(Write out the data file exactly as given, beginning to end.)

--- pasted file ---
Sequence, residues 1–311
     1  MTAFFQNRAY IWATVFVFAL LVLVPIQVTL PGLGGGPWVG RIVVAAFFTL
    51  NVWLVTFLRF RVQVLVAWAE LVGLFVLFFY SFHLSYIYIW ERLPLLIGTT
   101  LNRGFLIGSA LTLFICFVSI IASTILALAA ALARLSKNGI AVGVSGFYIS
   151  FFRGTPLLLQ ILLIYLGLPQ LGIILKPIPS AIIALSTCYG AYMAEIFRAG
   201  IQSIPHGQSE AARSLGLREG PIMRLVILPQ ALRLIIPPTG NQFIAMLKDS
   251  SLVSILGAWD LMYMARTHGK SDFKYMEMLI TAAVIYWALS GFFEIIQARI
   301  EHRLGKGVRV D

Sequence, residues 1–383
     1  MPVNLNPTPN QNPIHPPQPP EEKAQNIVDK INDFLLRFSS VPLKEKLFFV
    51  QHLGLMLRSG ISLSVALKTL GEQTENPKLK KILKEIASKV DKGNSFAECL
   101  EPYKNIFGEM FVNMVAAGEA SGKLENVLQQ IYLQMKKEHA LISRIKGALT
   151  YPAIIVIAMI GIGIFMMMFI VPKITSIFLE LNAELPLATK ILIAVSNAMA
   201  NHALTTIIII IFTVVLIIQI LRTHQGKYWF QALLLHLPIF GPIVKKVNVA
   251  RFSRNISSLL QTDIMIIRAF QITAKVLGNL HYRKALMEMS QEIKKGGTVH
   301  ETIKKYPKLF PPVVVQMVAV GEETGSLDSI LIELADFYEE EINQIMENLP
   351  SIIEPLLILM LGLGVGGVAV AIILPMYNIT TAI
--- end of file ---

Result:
Sequence, residues 1–311
     1  MTAFFQNRAY IWATVFVFAL LVLVPIQVTL PGLGGGPWVG RIVVAAFFTL
    51  NVWLVTFLRF RVQVLVAWAE LVGLFVLFFY SFHLSYIYIW ERLPLLIGTT
   101  LNRGFLIGSA LTLFICFVSI IASTILALAA ALARLSKNGI AVGVSGFYIS
   151  FFRGTPLLLQ ILLIYLGLPQ LGIILKPIPS AIIALSTCYG AYMAEIFRAG
   201  IQSIPHGQSE AARSLGLREG PIMRLVILPQ ALRLIIPPTG NQFIAMLKDS
   251  SLVSILGAWD LMYMARTHGK SDFKYMEMLI TAAVIYWALS GFFEIIQARI
   301  EHRLGKGVRV D

Sequence, residues 1–383
     1  MPVNLNPTPN QNPIHPPQPP EEKAQNIVDK INDFLLRFSS VPLKEKLFFV
    51  QHLGLMLRSG ISLSVALKTL GEQTENPKLK KILKEIASKV DKGNSFAECL
   101  EPYKNIFGEM FVNMVAAGEA SGKLENVLQQ IYLQMKKEHA LISRIKGALT
   151  YPAIIVIAMI GIGIFMMMFI VPKITSIFLE LNAELPLATK ILIAVSNAMA
   201  NHALTTIIII IFTVVLIIQI LRTHQGKYWF QALLLHLPIF GPIVKKVNVA
   251  RFSRNISSLL QTDIMIIRAF QITAKVLGNL HYRKALMEMS QEIKKGGTVH
   301  ETIKKYPKLF PPVVVQMVAV GEETGSLDSI LIELADFYEE EINQIMENLP
   351  SIIEPLLILM LGLGVGGVAV AIILPMYNIT TAI